Respiration is carried out by all living things. Animals need oxygen to carry out aerobic respiration and they need to get rid of the waste product called carbon dioxide. This is called gas exchange. Swapping one gas for another. Animals have evolved different mechanisms for carrying out gaseous exchange. The most important thing is to create a large surface area, the bigger the surface area the faster diffusion of the gases can occur. Secondly they all have a good blood supply. You want to get oxygen into the blood and carbon dioxide out as quickly as possible so the blood travels very close to the exchange surface to once again maximise diffusion.
Insect Respiratory System Insects require oxygen just as we do, and must "exhale" carbon dioxide, a waste product of cellular respiration. Oxygen is delivered to the cells directly through respiration, and not carried by blood as in vertebrates. Along the sides of the thorax and abdomen, a row of small openings called spiracles (8) allow the intake of oxygen from the air. Most insects have one pair of spiracles per body segment. Small flaps or valves keep the spiracle closed until there is a need for oxygen uptake and carbon dioxide discharge. When the muscles controlling the valves relax, the valves open and the insect takes a breath. Once entering through the spiracle, oxygen travels through the tracheal trunk (8), which divides into smaller tracheal tubes. The tubes continue to divide, creating a branching network that reaches each cell in the body. Carbon dioxide released from the cell follows the same pathway back to the spiracles and out of the body. Most of the tracheal tubes are reinforced by taenidia, ridges that run spirally around the tubes to keep them from collapsing. In some areas, however, there are no taenidia, and the tube functions as an air sac capable of storing air. In aquatic insects, the air sacs enable them to "hold their breath" while under water. They simply store air until they surface again. Insects in dry climates may also store air and keep their spiracles closed, to prevent water in their bodies from evaporating. Some insects forcefully blow air from the air sacs and out the spiracles when threatened, making a noise loud enough to startle a potential predator or curious person.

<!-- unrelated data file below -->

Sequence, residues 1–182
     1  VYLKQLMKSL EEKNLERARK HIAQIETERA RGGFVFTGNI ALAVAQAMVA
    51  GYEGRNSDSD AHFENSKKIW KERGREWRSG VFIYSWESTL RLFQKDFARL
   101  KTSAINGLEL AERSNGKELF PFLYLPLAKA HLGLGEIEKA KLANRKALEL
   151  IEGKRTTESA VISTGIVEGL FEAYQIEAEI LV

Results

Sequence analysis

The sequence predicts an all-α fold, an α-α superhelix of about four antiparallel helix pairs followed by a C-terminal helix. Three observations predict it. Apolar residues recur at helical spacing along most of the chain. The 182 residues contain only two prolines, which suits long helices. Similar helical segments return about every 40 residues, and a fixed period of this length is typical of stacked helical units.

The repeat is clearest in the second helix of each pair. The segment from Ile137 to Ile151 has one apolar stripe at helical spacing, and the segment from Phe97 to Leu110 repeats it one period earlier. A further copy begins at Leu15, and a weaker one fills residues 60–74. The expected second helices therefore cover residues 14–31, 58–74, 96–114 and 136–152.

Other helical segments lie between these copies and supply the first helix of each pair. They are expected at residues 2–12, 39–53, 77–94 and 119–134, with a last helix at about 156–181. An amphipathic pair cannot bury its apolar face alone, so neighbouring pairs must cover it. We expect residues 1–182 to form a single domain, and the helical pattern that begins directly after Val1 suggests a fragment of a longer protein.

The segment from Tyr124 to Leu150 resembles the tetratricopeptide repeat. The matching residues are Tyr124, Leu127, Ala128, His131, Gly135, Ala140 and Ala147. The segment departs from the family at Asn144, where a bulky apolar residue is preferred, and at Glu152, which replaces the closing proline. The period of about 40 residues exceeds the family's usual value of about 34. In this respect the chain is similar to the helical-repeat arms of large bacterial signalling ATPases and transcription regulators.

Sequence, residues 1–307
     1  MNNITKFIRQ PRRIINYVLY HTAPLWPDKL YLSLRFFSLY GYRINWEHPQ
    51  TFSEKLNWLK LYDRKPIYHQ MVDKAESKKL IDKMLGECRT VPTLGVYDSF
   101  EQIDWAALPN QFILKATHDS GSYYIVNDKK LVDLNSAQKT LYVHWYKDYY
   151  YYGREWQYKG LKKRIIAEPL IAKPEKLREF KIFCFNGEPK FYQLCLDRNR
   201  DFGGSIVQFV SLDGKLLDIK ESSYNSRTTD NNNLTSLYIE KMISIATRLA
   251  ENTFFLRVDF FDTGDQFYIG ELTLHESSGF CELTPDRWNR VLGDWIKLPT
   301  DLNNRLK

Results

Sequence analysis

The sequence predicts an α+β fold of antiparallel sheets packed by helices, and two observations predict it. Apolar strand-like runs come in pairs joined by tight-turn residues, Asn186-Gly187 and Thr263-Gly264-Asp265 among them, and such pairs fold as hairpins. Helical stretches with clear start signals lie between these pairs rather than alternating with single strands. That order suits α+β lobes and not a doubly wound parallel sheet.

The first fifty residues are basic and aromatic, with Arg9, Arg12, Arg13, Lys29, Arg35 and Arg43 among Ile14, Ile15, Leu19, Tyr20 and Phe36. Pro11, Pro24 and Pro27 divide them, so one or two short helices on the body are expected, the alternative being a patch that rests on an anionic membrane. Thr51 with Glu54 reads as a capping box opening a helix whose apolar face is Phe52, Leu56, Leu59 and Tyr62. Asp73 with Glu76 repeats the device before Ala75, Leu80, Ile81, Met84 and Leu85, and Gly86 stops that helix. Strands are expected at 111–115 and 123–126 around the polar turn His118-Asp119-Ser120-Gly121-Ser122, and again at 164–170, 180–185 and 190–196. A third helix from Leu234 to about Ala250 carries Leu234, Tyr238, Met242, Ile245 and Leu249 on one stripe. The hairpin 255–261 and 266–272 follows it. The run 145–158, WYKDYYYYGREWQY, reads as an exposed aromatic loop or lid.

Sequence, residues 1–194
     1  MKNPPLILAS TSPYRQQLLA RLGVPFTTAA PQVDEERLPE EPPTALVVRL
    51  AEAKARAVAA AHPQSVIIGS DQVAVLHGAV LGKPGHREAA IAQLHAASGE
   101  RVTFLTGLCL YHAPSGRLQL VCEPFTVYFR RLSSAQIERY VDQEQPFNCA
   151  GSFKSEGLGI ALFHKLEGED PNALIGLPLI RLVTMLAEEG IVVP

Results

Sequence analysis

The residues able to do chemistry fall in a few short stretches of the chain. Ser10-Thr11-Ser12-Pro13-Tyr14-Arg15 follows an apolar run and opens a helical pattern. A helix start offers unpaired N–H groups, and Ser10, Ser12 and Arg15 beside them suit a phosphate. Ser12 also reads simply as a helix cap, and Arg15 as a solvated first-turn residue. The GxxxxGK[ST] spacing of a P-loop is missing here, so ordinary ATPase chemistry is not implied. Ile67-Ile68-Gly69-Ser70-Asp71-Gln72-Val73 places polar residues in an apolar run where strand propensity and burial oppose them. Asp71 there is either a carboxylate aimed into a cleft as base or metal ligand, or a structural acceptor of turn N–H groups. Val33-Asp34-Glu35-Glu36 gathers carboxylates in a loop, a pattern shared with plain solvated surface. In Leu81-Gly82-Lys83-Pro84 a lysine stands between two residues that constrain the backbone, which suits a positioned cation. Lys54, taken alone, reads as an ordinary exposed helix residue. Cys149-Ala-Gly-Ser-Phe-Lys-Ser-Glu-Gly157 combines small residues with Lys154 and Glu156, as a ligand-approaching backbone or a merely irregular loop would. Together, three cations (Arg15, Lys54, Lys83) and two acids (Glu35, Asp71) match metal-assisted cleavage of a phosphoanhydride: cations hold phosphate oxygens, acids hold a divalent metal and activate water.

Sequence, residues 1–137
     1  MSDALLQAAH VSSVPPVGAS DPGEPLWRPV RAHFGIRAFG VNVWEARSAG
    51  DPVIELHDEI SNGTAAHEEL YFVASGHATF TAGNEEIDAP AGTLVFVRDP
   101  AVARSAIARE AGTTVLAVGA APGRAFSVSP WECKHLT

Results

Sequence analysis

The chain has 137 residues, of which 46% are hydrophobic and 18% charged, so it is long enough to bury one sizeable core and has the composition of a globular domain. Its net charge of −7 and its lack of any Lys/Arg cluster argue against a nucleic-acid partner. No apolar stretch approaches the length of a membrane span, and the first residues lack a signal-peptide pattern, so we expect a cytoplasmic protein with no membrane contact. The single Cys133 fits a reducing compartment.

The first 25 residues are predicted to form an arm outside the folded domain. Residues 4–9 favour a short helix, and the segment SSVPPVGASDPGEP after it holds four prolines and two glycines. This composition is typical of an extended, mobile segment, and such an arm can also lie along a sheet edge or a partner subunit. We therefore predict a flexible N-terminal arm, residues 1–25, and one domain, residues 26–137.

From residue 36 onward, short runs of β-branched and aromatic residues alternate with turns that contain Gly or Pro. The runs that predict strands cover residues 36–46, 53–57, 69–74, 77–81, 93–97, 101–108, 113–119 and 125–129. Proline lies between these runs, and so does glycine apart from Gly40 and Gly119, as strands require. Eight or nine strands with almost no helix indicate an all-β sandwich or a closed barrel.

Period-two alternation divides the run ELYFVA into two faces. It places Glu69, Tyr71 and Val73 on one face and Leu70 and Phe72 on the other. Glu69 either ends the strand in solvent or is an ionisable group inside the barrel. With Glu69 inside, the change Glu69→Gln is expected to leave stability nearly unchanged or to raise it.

In this video we examine the gills as an example of an exchange surface. We also discuss how fish pass water over their gills and how countercurrent flow maintains favourable exchange of oxygen.
So we all know that breathing is pretty important, right? Today we're going to talk about how it works, starting with the nameless evolutionary ancestor that we inherited this from, and continuing to the mechanics of both simple diffusion and bulk flow, as well as the physiology of breathing, and finishing with the anatomy of both the conducting zone and the respiratory zone of your respiratory system.
Can a paper bag really help you when you are hyperventilating? It turns out that it can. In part 2 of our look at your respiratory system Hank explains how your blood cells exchange oxygen and CO2 to maintain homeostasis. We'll dive into partial pressure gradients, and how they, along with changes in blood temperature, acidity, and CO2 concentrations, change how hemoglobin binds to gases in your blood.
Hank takes us on a trip around the body - we follow the circulatory and respiratory systems as they deliver oxygen and remove carbon dioxide from cells, and help make it possible for our bodies to function.